The Proteas annihilated England in the first T20 at Chester-le-Street on Saturday, thanks to some crafty bowling from Johan Botha and a fine effort with the bat from both Jacques Kallis and JP Duminy. By ANT SIMS.
If there has ever been any doubt in what good a little rest can do, Jacques Kallis’ performance in Saturday’s T20 against England showed that nothing is as good as a holiday. The big man put in an epic showing on the field and capped it off with a fine innings with the bat, helping South Africa to a seven-wicket victory in the first Twenty20 against England on Sunday.
Winning the toss and electing to field, South Africa drew first blood early on thanks to none other than Kallis. Alex Hales was run out in spectacular fashion as Craig Kieswetter went for a quick single after tucking the ball to the leg side, but the big South African all-rounder fired a direct hit at the stumps. Kieswetter followed a few overs later, being caught leg-before by Johan Botha. Botha’s first ball spun and jagged back, catching the England wicketkeeper plumb in front.
The misery continued for England and Ravi Bopora, who has had a torrid time with the bat in the last few weeks. Bopara is low on confidence and this wouldn’t have been helped by his nicking through the slips off Dale Steyn. Bopara has had a tendency to be caught in the slips this English summer – and as soon as Bopara strolled out, skipper AB de Villiers immediately brought in a slip. It worked almost straight away, and Bopara’s summer woes continued when he was dismissed for just six. The Essex man has now scored 0, 22, 16, 0, 6, 0 and 6 in his last seven international outings.
At 66-4, England looked in a spot of bother and while they had some big hitters to come, it wasn’t to be and the hosts were restricted to 118-7 in their 20 overs, Botha finishing with figures of 4-0-19-2 and Robin Peterson chipping in with 4-0-27-2.
South Africa got off to a bit of a shaky start, losing three wickets in the mandatory powerplay with Richard Levi, Faf du Plessis and AB de Villiers all failing to make a start. Kallis and Duminy then combined to for South Africa’s highest ever T2o fourth-wicket partnership. Kallis adding a fine 41 while Duminy chipped in with 47 for the 90 runs needed to see the visitors home with relative ease.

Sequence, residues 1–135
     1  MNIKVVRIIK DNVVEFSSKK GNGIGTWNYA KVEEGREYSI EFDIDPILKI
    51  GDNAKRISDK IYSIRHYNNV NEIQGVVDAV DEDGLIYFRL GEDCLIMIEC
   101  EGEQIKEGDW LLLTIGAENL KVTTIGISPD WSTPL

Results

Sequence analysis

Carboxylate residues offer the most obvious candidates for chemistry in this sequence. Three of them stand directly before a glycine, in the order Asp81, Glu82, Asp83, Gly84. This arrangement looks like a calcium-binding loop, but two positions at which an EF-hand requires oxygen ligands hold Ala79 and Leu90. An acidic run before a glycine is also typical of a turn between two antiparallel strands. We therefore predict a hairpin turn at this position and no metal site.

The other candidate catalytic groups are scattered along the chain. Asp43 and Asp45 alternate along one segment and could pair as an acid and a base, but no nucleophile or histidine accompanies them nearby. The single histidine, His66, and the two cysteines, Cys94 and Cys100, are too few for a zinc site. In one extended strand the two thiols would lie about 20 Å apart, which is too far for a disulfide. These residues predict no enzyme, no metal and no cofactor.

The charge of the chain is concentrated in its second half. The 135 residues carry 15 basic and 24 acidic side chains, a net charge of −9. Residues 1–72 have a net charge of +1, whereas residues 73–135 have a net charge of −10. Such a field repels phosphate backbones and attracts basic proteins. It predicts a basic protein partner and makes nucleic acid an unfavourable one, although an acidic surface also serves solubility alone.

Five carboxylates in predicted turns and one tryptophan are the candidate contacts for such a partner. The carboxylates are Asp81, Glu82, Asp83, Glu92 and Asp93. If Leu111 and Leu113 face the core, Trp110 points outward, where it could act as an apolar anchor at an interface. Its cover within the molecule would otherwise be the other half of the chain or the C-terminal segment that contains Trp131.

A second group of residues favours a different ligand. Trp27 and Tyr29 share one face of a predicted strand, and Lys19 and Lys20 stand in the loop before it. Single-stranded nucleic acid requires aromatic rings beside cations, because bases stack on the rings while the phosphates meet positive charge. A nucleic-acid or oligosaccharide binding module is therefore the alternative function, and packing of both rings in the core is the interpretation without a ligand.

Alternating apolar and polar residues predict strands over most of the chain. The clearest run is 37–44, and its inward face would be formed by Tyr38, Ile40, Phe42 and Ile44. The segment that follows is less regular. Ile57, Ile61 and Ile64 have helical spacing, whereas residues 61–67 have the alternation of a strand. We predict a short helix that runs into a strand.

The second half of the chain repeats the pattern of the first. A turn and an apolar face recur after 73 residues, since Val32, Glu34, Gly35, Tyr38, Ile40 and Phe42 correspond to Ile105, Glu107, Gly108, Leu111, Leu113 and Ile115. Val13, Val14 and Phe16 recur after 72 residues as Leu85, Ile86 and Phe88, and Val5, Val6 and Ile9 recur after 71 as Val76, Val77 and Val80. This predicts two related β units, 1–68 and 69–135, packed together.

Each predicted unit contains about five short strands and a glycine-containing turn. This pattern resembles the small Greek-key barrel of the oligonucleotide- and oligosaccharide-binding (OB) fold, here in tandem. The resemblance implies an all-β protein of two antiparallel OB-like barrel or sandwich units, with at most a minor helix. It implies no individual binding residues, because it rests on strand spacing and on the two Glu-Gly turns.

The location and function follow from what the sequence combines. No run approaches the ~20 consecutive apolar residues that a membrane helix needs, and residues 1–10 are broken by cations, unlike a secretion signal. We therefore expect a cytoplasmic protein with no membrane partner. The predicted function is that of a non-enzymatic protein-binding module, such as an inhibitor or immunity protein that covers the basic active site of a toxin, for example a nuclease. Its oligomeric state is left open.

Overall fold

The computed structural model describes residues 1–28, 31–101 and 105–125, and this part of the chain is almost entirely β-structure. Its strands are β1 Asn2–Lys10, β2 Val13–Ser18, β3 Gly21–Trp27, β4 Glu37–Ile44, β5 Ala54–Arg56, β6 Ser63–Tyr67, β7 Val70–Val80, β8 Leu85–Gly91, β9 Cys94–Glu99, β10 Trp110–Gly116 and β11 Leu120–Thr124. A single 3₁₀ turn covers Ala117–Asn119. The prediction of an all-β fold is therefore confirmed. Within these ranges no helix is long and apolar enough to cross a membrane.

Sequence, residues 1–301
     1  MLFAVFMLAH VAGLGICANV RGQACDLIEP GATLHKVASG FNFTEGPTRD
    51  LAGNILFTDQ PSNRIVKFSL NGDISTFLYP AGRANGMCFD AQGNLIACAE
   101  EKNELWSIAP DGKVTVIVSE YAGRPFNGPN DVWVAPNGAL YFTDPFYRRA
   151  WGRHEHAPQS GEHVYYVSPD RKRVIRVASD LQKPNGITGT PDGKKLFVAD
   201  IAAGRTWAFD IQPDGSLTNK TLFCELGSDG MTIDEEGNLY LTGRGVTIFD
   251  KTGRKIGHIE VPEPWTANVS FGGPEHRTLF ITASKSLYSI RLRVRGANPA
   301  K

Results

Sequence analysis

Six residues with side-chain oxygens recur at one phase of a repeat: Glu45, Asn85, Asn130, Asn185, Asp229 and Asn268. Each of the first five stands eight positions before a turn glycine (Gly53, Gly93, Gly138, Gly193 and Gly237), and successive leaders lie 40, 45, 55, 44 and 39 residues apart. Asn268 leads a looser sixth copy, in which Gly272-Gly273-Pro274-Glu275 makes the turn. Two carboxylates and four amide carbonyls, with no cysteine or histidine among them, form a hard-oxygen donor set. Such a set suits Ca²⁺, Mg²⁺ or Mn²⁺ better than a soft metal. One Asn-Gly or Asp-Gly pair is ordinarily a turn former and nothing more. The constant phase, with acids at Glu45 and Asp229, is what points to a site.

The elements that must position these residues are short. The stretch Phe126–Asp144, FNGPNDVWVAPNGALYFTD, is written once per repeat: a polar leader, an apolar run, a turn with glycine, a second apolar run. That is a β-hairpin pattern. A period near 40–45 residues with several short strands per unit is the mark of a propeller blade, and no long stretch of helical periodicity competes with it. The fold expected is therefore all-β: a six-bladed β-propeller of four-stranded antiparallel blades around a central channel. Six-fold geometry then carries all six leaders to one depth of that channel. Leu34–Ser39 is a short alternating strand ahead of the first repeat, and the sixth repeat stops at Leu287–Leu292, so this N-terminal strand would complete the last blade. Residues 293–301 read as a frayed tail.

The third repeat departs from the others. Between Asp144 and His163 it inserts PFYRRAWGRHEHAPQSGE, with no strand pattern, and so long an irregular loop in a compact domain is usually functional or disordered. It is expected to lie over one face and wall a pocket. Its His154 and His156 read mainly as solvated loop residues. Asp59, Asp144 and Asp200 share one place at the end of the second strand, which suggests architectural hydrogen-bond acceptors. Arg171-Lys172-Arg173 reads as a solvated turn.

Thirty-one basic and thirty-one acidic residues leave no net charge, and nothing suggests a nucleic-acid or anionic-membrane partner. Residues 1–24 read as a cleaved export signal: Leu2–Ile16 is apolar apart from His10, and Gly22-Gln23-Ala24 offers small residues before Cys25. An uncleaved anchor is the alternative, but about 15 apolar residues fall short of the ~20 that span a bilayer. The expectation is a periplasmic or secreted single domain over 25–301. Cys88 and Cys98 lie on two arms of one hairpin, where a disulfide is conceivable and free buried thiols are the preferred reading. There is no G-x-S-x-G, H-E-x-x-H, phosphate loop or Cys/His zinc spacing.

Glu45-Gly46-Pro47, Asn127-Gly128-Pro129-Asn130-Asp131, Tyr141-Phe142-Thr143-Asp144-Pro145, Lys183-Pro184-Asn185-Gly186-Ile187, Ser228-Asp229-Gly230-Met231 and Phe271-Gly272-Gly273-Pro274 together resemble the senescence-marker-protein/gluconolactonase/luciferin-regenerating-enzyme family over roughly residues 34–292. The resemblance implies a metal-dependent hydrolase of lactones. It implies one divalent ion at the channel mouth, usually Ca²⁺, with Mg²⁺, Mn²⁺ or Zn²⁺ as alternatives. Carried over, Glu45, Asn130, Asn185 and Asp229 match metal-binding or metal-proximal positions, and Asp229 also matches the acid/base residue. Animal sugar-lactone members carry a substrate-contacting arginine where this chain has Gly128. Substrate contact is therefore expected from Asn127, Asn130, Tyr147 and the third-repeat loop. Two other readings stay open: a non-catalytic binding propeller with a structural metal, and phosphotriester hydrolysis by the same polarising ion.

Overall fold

With just two games left to play and the ICC World T20 just a few weeks away, it bodes well for South Africa’s preparation. Overall, they performed well as a team, but they might have a few selection conundrums to unravel before that. Despite his domestic exploits, Richard Levi has struggled to perform consistently on the international stage. After his record-breaking 117 in New Zealand, Levi hasn’t passed 20 yet, and despite some good showings with the A-team, he’s struggled to get his style of play to work against international competition. He might adjust better to sub continental conditions, but with the form Hashim Amla is in, the Bearded One could be an option to use as opener alongside Kallis.
Du Plessis, who made his T20 debut for South Africa at Chester-le-Street, is another option to open the batting. He has struggled in the one-day matches, but his form in both the IPL and the South African domestic T20 has been outstanding. Du Plessis has admitted that, while he is just happy to be in the side, he would prefer to be opening the batting as he did with the Chennai Super Kings.
The South African T20 team who pitched up on Saturday looked a refreshed and more composed than the one-day side who swung in and out of form during the ODI series against England. They have two matches left before jetting off to the World Cup in Sri Lanka. As the old cliché goes, the key is for them to build momentum before the tournament begins, and a whitewash in the T20 series is the perfect place to do so.
Summary of results:
England 118-7 (20 ov) (b 3, lb 2) , Craig Kieswetter 25 (24), Robin
Peterson 2-0-27-2, Johan Botha 4-0-19-2
South Africa 119-3 (19 ov) (lb 1, w 1), Jacques Kallis 48 (44), JP
Duminy 47 (54), Steven Finn 4-0-22-1, Jade Dernbach 4-0-31-2
South Africa won by 7 wickets (with 6 balls remaining) DM
Photo:South Africa’s Jacques Kallis hits out watched by England’s Craig Kieswetter (L) during the first Natwest T20 international cricket match at the Riverside ground, Chester-le-Street in County Durham, England September 8, 2012. REUTERS/Philip Brown
Watermelons were originally cultivated in Africa.